One way to bring learning alive, particularly learning that focuses on real-world occupations, is to arrange for students to take part in out-of-classroom experiences. However, because field trips are hard to coordinate and organize, they can be costly, and they often take away from class time in other subjects, an alternative (or supplement) is to create a virtual reality experience. My proposal is to work with Arts A/V career cluster students to create VR experiences in occupational settings. Imagine letting students tour the working conditions of the engine room aboard a ship, or welding on a construction site, or working in an emergency room. Creating virtual reality tours of workplaces has the potential to provide educators an opportunity to impact a greater number of students at a lower cost.

How To Implement?

Let me begin by stating that for this innovation proposal to be a success, I first need to learn a lot more about how virtual reality content is created. I do know that there are two different classes of headsets: one that requires a high-end computer to work with it, and one that can be used with a smart phone. Examples of the high-end type are the Oculus Rift and the HTC Vive. Examples of the smart phone dependent style are the Samsung Gear VR (better, but only works with a Samsung phone) and the dirt cheap Google Cardboard. I mention this because acquisition of hardware will be necessary to implement this project. Another component of this initiative is how to create the content. In addition to a 360-degree VR camera, I will need to coordinate with Arts A/V instructors and students who will create the content. I will also need to coordinate with business partners who will allow access to their facilities for filming. Finally, there is the matter of how to disseminate VR video tours. I envision needing to create an online repository from which the tours can be accessed.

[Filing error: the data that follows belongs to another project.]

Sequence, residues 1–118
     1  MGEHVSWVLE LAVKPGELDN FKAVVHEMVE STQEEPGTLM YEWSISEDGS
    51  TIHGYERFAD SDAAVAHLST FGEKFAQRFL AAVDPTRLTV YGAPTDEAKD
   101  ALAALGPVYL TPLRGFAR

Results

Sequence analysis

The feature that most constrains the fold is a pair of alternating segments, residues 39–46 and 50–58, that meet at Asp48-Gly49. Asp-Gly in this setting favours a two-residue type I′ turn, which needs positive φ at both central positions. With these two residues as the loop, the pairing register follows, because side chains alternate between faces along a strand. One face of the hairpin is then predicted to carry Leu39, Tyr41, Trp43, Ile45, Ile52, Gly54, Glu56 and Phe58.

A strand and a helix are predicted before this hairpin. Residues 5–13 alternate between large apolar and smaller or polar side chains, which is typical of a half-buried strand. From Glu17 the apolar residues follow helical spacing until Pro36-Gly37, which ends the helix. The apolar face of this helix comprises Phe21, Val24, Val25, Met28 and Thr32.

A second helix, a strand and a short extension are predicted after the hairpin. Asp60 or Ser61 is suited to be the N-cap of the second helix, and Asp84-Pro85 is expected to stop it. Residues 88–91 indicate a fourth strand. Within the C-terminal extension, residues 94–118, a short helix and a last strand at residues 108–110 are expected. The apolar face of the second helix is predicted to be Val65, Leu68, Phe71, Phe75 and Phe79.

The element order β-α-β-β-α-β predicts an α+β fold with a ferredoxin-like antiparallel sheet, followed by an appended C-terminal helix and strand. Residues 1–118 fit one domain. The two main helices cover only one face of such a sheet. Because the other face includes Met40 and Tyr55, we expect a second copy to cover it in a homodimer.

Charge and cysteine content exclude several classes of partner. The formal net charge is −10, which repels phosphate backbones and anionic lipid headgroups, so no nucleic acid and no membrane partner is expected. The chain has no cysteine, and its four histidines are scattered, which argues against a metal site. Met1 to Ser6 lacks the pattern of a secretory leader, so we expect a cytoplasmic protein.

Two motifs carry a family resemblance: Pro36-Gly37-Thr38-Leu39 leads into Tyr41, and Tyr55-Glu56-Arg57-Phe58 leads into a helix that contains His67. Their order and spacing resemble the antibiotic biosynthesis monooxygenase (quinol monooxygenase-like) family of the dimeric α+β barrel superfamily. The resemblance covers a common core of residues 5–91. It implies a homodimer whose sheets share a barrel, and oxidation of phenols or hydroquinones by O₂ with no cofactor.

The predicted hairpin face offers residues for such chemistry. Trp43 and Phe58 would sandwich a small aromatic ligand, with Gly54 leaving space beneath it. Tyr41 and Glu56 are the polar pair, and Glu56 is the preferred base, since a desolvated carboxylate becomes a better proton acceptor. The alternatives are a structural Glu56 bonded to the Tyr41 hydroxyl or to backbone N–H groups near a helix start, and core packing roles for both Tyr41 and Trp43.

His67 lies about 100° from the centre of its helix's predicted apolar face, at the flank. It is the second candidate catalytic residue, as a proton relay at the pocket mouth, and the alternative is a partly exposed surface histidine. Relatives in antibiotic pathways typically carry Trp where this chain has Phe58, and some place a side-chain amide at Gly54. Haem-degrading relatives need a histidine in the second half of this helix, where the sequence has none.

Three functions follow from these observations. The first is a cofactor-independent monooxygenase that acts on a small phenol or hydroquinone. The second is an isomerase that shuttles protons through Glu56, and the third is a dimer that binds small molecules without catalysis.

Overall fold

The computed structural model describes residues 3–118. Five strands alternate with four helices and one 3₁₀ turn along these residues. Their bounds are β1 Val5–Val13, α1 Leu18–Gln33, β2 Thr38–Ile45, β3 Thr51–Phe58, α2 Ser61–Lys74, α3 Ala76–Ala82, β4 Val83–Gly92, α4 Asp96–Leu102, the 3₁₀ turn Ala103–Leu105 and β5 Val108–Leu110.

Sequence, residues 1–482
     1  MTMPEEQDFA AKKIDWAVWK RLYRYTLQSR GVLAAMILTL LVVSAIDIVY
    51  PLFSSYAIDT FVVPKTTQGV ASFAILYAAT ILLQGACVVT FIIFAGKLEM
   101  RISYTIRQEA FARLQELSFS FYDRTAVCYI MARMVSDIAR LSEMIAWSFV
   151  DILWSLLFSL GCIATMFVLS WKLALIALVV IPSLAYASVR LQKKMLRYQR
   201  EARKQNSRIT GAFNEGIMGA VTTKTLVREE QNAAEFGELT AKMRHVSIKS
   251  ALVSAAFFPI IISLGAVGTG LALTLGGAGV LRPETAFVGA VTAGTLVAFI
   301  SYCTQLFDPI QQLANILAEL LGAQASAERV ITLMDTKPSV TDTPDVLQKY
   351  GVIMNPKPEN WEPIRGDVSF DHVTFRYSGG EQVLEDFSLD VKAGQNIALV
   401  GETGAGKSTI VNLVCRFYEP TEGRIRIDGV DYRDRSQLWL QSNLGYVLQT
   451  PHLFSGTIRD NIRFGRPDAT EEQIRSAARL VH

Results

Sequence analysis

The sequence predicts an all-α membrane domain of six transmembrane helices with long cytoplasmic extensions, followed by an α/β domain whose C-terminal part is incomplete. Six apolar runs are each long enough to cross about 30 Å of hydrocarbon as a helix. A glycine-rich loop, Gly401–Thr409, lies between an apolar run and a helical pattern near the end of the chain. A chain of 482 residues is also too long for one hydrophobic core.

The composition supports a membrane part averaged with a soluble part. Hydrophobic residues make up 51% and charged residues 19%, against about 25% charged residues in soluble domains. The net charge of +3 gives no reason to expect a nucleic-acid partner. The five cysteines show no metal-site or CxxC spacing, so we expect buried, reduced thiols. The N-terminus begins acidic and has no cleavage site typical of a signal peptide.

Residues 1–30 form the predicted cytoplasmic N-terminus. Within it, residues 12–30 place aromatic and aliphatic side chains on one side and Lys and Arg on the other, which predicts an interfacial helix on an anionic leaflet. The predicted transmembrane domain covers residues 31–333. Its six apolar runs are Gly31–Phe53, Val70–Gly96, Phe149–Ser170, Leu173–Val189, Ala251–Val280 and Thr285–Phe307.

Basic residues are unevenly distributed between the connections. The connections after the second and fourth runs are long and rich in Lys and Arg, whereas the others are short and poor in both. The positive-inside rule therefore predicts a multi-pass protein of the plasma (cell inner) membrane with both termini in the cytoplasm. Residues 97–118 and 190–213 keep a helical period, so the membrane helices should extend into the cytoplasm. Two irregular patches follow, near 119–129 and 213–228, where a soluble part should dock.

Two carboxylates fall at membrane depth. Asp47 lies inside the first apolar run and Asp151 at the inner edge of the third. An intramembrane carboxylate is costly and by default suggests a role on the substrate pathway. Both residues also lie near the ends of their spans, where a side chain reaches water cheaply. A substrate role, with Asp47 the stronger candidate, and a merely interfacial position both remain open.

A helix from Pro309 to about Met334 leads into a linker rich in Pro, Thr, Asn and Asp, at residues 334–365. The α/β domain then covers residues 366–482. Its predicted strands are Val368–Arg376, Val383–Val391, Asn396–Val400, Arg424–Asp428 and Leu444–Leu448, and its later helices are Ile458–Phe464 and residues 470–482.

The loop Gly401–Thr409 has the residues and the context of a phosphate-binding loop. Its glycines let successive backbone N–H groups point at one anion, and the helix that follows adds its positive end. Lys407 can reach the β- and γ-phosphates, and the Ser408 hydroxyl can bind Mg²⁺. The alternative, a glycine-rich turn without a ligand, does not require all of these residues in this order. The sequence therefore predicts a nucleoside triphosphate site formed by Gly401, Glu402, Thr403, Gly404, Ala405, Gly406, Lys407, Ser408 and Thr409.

What Does Success Look Like?

Ultimately, I will deem this initiative successful when CTE teachers and students across my district have access to a library of virtual reality experiences that immerse the student in the working environments of high demand/high wage occupations.

Literature Review: Utilizing Virtual Reality in the CTE Classroom


With the development of sophisticated computer hardware and software and their ever-decreasing costs, virtual reality is poised to be the next big tool to drive instruction in the K-12 classroom. This review will look specifically look at the Career and Technical Education classroom and at the different ways virtual environments can be created to allow students to experience real-world job sites virtually. Furthermore, this paper will delve into the benefits for implementing VR in the CTE classroom and what is required to make that implementation successful.


Image result for virtual reality